December 2010
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Greensboro Elementary Students to Enjoy the Healthy Reward of Their Hard Work: Homegrown Collard Greens

Students at Greensboro Elementary are learning about horticulture and healthy eating through their collard green plasticulture project. Alabama has one of the nation’s highest diabetes and obesity rates and this trend will not reverse on its own. This project addresses two of the most important influences on children’s health: the value of exercise and proper nutrition.

The project’s major goals are: 1) Horticultural education, 2) exercise during the planting and maintaining of the crop, 3) providing a nutritious meal to the whole school and 4) nutritional education. The success of this program is reliant on the investment of the children in the collard crop through their work and horticultural education so they will be interested in eating the fresh greens and also listening to and retaining the nutritional information.

 

Alabama Department of Agriculture & Industries Commissioner Ron Sparks commended the students at Greensboro Elementary for taking steps to a healthier life by growing their own lush, delicious collard greens.

"I am so proud Principal Stephanie Richey had the foresight to let the kids take on this project," said Sparks. "I know it has taught them a lot about hard work, horticulture and nutrition. I know they can’t wait to try some at lunch on Thursday."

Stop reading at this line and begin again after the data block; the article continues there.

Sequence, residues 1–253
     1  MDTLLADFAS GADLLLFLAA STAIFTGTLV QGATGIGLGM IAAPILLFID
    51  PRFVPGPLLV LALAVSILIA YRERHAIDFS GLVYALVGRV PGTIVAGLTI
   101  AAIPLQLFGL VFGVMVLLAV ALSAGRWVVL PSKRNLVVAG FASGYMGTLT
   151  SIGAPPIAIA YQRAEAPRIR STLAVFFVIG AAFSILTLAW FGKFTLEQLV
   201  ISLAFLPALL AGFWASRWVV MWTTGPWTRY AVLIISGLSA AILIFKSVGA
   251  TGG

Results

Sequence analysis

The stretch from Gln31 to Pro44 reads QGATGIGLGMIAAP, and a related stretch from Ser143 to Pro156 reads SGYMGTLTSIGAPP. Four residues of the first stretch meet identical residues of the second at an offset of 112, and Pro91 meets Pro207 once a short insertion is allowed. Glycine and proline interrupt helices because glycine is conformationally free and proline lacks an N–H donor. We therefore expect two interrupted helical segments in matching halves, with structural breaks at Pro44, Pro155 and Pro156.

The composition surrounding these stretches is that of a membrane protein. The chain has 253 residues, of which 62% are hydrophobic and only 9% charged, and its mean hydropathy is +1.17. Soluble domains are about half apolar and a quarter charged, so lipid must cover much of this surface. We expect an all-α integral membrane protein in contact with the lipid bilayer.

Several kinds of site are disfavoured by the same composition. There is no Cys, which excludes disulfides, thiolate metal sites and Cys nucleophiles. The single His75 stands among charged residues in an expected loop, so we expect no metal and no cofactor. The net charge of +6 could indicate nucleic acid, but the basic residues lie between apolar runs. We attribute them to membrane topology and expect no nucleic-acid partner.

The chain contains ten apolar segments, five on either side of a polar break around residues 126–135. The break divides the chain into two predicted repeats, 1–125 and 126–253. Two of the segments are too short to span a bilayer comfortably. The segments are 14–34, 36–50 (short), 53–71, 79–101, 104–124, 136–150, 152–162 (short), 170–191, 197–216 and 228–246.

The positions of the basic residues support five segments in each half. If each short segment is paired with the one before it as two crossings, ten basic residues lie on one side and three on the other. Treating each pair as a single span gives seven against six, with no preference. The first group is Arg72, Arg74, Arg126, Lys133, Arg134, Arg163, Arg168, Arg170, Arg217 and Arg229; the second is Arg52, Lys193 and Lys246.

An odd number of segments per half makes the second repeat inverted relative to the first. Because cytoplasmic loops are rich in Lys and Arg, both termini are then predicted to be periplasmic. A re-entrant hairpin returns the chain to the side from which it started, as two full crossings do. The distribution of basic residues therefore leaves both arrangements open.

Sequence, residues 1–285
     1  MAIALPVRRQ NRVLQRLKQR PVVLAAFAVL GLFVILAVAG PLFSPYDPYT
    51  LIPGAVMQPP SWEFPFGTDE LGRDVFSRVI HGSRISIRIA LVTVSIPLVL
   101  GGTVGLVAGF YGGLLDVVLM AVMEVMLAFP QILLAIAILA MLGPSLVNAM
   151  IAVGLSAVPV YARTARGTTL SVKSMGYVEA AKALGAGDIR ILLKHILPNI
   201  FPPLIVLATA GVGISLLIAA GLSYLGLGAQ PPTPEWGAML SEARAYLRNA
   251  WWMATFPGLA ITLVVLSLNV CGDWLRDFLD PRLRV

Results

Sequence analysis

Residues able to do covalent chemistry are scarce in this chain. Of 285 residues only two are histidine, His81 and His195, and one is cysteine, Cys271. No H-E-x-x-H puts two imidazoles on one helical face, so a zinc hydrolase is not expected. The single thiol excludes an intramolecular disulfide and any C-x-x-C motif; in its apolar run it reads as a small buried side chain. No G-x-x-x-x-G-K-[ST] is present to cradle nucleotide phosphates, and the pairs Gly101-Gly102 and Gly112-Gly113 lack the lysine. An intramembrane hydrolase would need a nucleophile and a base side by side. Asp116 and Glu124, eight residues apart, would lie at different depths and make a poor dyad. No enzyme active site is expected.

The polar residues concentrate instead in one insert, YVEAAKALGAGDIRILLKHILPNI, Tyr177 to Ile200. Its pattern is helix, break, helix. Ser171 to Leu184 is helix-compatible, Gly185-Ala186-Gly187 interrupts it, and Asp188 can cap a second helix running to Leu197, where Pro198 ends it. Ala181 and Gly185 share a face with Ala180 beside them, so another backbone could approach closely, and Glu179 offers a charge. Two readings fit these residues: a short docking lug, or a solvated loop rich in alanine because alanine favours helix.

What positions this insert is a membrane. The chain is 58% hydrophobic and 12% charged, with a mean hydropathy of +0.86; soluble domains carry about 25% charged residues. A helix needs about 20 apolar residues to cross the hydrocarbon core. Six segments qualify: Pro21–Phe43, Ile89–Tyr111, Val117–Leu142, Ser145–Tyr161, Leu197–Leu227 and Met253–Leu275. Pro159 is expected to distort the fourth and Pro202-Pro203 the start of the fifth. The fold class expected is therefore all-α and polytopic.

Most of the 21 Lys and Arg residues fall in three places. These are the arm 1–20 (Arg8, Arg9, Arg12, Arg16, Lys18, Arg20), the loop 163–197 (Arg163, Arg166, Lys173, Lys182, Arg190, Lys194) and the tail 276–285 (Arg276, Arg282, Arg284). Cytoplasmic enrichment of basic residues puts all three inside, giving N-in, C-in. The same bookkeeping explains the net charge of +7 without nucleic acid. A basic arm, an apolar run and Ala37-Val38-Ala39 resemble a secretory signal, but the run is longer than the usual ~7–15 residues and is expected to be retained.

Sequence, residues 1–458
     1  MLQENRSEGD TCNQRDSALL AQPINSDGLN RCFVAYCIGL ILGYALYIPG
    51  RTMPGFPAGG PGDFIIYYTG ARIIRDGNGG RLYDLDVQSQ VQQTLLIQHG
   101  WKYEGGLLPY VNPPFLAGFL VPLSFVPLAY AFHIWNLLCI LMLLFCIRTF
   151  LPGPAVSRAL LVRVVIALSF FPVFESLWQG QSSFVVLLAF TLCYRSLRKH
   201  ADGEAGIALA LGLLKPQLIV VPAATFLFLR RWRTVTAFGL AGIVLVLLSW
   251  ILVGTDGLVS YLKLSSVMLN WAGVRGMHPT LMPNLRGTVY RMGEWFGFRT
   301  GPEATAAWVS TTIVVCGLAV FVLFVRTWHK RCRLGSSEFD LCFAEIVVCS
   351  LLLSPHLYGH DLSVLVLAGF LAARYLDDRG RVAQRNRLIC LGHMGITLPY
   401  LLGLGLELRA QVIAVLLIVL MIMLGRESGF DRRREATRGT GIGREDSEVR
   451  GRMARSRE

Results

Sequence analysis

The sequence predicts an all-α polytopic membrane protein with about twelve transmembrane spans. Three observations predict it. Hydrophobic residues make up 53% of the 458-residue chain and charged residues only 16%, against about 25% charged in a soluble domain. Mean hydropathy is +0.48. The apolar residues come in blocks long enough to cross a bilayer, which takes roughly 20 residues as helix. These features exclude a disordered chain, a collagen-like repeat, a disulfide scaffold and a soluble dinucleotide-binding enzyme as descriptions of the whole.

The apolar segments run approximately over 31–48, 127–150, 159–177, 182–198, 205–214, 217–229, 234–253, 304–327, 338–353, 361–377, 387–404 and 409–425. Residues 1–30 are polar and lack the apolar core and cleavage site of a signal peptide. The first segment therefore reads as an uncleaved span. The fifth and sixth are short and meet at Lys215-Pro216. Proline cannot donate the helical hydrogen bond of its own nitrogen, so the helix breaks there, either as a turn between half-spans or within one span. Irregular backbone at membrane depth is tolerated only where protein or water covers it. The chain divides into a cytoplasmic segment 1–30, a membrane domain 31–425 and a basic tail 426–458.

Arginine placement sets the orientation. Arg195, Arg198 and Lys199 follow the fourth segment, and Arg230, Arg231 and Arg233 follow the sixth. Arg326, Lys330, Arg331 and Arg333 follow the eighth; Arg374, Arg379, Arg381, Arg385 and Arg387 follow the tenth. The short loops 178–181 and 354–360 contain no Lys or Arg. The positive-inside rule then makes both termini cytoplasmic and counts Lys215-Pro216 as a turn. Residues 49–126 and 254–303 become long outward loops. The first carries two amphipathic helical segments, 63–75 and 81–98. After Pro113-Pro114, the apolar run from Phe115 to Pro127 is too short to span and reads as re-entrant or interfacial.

In early September, Harold McLemore with the Department of Agriculture and Industries put down approximately 1,000 feet of plasticulture in the playground of Greensboro Elementary School. In mid-September, the children helped by punching the holes in the plastic. Then about 40 students of Greensboro Elementary planted about 900 collard green plants. The children then participated through the growing season in horticultural and physical activities in maintaining the crop. These activities included measuring the growth of collard leaves, taking soil temperatures, weed-pulling and putting straw in the middle of the rows for weed control.

According to McLemore, "We’re trying to hide a nutrition program in a fun farm project. So far, I think we have succeeded."

On Wednesday, October 27, at 9 a.m., the Department staff, with the help of the children, harvested much of the crop from the field. Those collards were chopped and delivered to the lunch room to be washed and cooked.

On Thursday, October 28, the cooked collards were served to the whole school. During the serving of the collards, HERO and Seeds of Hope gave a PowerPoint presentation showing pictures of the children working the crop and important nutritional information.

Extra collards were sold to the public starting on Friday the 29th all through the season. The funds collected will be used to keep the garden project sustainable for the next year.

Participants who have helped the students at Greensboro Elementary in their efforts in this project include: Alabama Strategic Alliance for Health Program, Sowing Seeds of Hope, Hale Empowerment Revitalization Organization (HERO) and the Alabama Department of Agriculture and Industries.